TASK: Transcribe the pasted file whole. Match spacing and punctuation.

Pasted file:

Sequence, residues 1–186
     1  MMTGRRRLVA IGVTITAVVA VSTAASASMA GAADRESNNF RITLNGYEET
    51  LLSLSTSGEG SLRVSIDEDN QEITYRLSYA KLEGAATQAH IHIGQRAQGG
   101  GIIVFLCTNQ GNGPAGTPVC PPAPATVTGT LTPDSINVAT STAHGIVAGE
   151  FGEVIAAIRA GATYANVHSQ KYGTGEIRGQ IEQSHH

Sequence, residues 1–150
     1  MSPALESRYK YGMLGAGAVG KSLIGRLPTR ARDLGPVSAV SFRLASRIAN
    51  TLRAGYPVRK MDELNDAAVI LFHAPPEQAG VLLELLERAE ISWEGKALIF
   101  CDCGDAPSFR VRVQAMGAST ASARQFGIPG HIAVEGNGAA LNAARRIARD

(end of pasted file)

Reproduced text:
Sequence, residues 1–186
     1  MMTGRRRLVA IGVTITAVVA VSTAASASMA GAADRESNNF RITLNGYEET
    51  LLSLSTSGEG SLRVSIDEDN QEITYRLSYA KLEGAATQAH IHIGQRAQGG
   101  GIIVFLCTNQ GNGPAGTPVC PPAPATVTGT LTPDSINVAT STAHGIVAGE
   151  FGEVIAAIRA GATYANVHSQ KYGTGEIRGQ IEQSHH

Sequence, residues 1–150
     1  MSPALESRYK YGMLGAGAVG KSLIGRLPTR ARDLGPVSAV SFRLASRIAN
    51  TLRAGYPVRK MDELNDAAVI LFHAPPEQAG VLLELLERAE ISWEGKALIF
   101  CDCGDAPSFR VRVQAMGAST ASARQFGIPG HIAVEGNGAA LNAARRIARD